Effectively tackling climate change would in fact produce significant benefits, including fewer damages by avoiding problems. In the same way, reducing our consumption of fossil fuels (especially oil and gas) will help cut costs in importing these resources and substantially improve the security of energy supply. Similarly, reducing CO2 emissions will help improve air quality, which will produce huge health benefits. What's more, most studies show that mitigation policies would have positive effects on employment, for example in the field of renewable energy and cutting-edge technology.
The benefits of combating climate change will not stop at EU borders. Similar benefits can be expected in other countries if they adopt similar measures to Europe, especially regarding the security of energy supply and air quality.
Action in the EU
The EU has already proved, through internal policies, that is possible to reduce greenhouse gas emissions without undermining economic growth. The Commission stresses that there is the potential to further reduce emissions considerably and echoes its commitment to pursue and extend current measures and to adopt new measures.
The Commission suggests that the EU should adopt targets to reduce greenhouse gas emissions. It calls for the EU to set the target in international negotiations of reducing greenhouse gas emissions in developed countries by 30 % (compared to 1990 levels) by 2020. Until an international agreement is made, and without prejudice to the position it will take in these negotiations, the EU should immediately make the resolute and independent commitment to reduce its own emissions by at least 20 % by 2020. At the March 2007 European Council, Member States also strongly backed these targets.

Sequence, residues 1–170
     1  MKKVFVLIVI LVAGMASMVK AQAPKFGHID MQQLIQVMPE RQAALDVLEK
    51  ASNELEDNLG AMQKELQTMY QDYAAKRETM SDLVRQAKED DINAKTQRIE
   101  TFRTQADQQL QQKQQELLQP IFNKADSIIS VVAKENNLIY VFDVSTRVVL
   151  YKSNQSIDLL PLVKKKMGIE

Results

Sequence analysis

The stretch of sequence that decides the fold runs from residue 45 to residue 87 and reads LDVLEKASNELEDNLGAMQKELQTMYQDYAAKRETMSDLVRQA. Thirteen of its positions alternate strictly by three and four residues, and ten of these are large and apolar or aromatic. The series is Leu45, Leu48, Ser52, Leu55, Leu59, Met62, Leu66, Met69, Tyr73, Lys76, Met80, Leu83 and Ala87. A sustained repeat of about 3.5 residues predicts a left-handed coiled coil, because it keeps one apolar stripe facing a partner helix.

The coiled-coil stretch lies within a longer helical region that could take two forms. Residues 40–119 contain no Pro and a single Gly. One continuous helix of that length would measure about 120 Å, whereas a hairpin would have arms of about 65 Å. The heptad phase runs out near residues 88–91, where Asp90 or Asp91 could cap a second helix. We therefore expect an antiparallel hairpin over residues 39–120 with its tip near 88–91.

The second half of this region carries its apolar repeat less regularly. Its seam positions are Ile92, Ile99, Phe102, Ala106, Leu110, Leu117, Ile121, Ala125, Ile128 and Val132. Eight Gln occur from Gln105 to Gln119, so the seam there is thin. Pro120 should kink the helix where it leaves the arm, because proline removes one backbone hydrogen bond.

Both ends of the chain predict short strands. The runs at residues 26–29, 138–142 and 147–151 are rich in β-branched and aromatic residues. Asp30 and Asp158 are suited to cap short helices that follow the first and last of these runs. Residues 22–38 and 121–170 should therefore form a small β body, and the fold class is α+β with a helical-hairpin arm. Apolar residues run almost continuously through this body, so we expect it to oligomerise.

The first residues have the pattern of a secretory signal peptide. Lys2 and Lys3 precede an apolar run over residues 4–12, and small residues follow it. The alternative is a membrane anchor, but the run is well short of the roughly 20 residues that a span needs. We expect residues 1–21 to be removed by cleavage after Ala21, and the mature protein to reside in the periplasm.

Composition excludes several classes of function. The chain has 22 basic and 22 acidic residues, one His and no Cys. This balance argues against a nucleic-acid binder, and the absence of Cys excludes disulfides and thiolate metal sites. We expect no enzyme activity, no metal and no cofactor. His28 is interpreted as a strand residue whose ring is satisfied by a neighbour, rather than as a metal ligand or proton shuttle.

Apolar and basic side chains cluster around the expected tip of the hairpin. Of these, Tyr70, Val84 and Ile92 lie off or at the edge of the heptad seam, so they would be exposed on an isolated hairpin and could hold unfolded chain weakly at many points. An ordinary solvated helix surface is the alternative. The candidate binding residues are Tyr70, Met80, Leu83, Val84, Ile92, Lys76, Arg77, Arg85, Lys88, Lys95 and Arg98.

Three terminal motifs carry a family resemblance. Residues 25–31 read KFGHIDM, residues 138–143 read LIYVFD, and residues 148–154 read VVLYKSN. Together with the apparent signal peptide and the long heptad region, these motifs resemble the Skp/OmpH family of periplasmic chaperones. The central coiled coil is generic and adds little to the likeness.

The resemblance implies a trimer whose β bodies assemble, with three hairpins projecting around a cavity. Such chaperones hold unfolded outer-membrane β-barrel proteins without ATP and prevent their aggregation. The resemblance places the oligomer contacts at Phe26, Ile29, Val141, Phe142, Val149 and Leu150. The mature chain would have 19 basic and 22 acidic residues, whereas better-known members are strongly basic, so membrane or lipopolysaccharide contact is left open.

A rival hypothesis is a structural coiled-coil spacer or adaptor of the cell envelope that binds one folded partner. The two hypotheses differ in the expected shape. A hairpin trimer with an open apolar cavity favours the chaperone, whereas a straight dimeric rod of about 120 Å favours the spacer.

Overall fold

In line with the strategic analysis of the EU's energy policy, the Commission recommends taking the following measures on energy:
- improving the EU's energy efficiency by 20 % by 2020;
- increasing the share of renewable energy to 20 % by 2020;
- developing an environmentally safe carbon geological storage policy.
The Commission believes that the European Union Emissions Trading Scheme (EU ETS) needs to be strengthened by taking measures such as the following:
- increasing the duration of quota allocations to over five years, as it is now;
- extending the scheme to other gases and sectors;
- aligning allocation procedures across Member States and
- linking the EU ETS to compatible mandatory schemes in other States (such as California and Australia).
In order to limit emissions in the transport sector, the Commission asks the Council and Parliament to adopt, where necessary, proposals to include aviation in the EU ETS and to link taxes on tourism vehicles to their CO2 emissions. There are also plans to reduce CO2 emissions from cars to reach the target of 120 grams of CO2 per kilometre (g CO2/km). The Commission also stresses the need for consumers to do more, to cut the emissions produced by freight transport by road and maritime transport and to address biofuels.
The document suggests cutting CO2 emissions in other sectors, such as by improving the energy efficiency of residential and commercial buildings. It also recommends reducing other gases, notably by adopting and strengthening measures on agriculture and forestry, setting limits for methane emissions from industry and gas engines and including these sources of emissions in the EU ETS, stricter measures on fluorinated greenhouse gases and tackling nitrous oxide from combustion and large installations.